}

Tuesday, August 20, 2019

Commercials that travel well



The ad above is for House of Travel, which bills itself as “New Zealand’s biggest locally owned and operated travel company.” In this era of Internet travel arranging, this may sound like a quaint, sort or retro kind of thing, but there’s clearly still a need for such services, which is what their television ads are attempting to tap into. For a variety of reasons, these ads all work, even the one that’s annoying.

These ads are part of a series of ads under the theme, “Let’s make holidays better, together”, and all say they’re based on true stories, and all the versions here are the longer versions of the ads.

The ad up top is my favourite of the three, and was actually the second in the series of ads, posted the beginning of March. The main reason is the actor who plays the wife. In her consultation with House of Travel’s “Lucy”, she says her lifelong dream is “silly, really”, and it’s not hard to believe a person might really say that, resigned to never fulfilling that dream, at least, not really. At the end of the ad she wordlessly depicts what to me looks like happiness, wonder, and even sheer joy. It’s very well done.

This ad tries to convey caring, a commitment to the customer, and willingness to go farther than expected, as shown in the ad next ad (third in the series), which they posted at the end of March:



The main point of this ad is that the company will go beyond the call of duty for their customers, and that they’re essentially friends. People really do forget their passport, and even though I’d be unlikely to do so (I compulsively check constantly to make sure I know where it is before we ever leave the house, and then again on the way to the airport), I can imagine this sort of thing happening. This ad seems to have been intended to be humorous, as the first ad in the series (below) was, but I would have liked the couple to be a bit more desperate to be more believable. Even so, it’s an okay ad.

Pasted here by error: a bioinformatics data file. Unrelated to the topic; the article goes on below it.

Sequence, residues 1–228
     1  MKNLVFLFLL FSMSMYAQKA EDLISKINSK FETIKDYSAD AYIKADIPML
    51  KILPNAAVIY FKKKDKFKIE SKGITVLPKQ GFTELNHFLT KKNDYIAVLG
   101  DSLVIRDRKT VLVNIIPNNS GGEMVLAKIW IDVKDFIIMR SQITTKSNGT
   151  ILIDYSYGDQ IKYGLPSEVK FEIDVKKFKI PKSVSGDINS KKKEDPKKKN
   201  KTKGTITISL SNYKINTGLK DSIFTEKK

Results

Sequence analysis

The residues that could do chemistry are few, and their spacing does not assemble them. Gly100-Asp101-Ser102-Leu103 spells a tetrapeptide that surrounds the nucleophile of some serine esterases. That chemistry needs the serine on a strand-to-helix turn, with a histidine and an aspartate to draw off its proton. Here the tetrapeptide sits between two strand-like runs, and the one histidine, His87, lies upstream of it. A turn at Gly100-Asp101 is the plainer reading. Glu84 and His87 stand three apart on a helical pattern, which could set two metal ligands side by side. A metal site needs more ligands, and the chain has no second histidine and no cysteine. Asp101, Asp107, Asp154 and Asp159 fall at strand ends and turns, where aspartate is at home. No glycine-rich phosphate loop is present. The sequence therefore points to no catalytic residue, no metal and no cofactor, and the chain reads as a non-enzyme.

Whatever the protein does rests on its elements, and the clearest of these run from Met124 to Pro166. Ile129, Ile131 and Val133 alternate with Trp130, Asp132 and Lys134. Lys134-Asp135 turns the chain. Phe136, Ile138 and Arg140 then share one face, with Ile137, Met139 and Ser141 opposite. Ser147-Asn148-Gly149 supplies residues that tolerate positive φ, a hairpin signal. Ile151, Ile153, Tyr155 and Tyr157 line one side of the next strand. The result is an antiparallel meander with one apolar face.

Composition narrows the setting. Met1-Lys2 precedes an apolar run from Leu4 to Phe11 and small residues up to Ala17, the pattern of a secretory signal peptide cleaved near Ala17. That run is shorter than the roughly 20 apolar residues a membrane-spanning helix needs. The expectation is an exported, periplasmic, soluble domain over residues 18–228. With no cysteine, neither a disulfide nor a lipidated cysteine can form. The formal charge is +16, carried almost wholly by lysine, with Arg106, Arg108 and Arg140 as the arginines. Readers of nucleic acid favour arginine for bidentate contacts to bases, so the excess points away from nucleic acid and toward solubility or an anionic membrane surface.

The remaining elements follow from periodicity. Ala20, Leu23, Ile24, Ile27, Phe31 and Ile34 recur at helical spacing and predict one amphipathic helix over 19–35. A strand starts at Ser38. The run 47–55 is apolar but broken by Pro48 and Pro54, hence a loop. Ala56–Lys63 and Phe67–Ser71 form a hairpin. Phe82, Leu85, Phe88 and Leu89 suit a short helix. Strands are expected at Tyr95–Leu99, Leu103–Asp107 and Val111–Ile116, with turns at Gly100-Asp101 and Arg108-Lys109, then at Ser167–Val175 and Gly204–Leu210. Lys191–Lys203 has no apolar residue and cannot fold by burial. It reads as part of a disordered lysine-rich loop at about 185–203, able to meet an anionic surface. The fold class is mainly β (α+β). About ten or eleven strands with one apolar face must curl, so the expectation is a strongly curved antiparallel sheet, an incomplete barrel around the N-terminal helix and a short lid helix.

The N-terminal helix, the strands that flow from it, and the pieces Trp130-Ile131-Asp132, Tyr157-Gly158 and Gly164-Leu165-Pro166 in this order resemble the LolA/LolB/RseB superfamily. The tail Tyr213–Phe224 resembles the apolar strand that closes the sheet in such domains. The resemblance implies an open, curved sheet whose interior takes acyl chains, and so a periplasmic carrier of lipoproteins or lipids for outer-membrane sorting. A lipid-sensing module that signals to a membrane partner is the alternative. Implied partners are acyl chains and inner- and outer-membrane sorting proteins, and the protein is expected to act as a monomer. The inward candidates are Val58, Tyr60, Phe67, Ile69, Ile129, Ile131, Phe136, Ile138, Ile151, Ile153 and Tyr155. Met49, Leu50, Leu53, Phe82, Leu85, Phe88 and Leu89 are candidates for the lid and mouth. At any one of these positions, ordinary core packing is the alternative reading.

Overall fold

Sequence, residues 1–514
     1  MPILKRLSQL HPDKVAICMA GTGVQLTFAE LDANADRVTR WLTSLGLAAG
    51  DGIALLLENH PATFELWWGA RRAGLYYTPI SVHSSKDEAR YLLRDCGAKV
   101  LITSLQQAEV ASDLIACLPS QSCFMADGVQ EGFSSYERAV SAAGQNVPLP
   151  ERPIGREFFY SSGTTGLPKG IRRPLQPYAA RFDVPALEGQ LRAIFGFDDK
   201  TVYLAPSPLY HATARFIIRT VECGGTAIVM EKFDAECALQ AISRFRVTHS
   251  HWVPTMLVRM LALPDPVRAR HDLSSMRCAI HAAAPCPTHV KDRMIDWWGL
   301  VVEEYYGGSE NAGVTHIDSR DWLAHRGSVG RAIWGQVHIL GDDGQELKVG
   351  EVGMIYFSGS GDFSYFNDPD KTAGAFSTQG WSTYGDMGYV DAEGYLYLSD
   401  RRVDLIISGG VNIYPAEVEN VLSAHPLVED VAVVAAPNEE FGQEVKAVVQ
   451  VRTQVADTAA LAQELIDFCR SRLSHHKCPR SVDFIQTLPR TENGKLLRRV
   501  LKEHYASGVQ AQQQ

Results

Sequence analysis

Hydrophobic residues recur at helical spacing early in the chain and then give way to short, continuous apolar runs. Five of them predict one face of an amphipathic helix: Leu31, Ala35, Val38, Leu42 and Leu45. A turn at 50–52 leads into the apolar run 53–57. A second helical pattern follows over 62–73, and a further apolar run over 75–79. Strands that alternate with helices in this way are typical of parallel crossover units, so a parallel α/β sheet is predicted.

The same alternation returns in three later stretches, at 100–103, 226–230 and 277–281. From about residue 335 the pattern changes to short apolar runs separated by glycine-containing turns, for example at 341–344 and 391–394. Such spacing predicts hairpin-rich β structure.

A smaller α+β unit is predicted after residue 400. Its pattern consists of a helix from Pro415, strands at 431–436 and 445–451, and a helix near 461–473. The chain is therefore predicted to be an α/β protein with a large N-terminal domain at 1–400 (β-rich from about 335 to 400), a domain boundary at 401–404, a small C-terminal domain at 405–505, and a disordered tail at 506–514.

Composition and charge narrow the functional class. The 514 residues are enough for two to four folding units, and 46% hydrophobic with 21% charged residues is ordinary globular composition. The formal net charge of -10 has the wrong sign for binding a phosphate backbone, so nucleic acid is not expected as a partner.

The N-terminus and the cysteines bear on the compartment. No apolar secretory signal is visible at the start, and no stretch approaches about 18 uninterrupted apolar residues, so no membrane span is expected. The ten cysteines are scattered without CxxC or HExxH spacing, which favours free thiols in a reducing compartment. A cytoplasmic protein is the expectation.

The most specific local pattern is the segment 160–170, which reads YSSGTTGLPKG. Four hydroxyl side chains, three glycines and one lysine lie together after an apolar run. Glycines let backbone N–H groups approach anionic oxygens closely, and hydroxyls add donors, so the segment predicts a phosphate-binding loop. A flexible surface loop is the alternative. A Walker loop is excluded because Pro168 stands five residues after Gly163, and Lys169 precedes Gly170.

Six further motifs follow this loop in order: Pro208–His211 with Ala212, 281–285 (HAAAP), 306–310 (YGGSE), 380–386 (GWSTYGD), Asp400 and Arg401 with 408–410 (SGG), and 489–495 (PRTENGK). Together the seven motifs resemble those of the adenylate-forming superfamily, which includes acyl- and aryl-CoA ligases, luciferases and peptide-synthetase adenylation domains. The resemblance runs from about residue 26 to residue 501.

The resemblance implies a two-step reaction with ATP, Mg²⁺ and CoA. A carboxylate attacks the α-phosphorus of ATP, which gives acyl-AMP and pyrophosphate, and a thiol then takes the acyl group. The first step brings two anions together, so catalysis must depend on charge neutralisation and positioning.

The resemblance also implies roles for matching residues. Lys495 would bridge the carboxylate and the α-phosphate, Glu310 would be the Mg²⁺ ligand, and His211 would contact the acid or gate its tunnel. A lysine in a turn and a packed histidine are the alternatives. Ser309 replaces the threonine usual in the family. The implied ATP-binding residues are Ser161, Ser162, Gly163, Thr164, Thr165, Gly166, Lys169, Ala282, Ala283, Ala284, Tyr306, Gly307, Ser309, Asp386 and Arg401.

The first ad in the series, posted in February, was also supposed to be humorous, but I find it annoying, for probably obvious reasons:


What I do think is funny about the ad is that many people really do think that travel agencies aren’t needed any more. It’s that guy that annoys me. Of course—he’s clearly meant to.

The story arc of the three ads has a narrative beyond the theme of the campaign. The first ad aired, the scene with the guy in the bar, establishes that travel agents still exist, and that they can save customers money over what they would have spent on their own, using the Internet. The second ad establishes that travel agents will go beyond the call of duty, and suggests they’re our friends, and the third ad suggests they care about us, not just our business. So, they save us money, look after us, and even help fulfill dreams. That’s a lot of work for some three minutes of television advertising to accomplish.

I think this TV ad campaign works precisely because it makes travel agents human, but it does so in such a good natured way, with a healthy dose of humour. It means we can get the message without feeling lectured. Of course, it helps that “Lucy” is so darn likeable, too.

As I often say, to be effective TV advertising has to capture people’s attention, first, then it has to stick in the mind somehow, and there are a lot of ways to do both. Story, music, imagery, the acting—all those are the sorts of things that make ads work and be memorable, and it why these ads work.

There’s one more critical piece to make TV ads effective: We mustn’t start to get annoyed when the ad comes on again. I’ve included the ads in order (top to bottom), from my favourite to my least favourite. I’m not tired of the top ad yet, a little tired of the middle ad, and the last one is starting to annoy me. Of course, this is entirely subjective, and other people may have completely different reactions. These are merely mine.

I may not personally have used a travel agent for decades, but it’s kind of nice to know that they’re still there, if for no other reason than that we might need them. This ad series shows my why I might need them, so, for me, the ads worked.

But I do especially like the woman’s reaction at the end of the ad at the top of this post.

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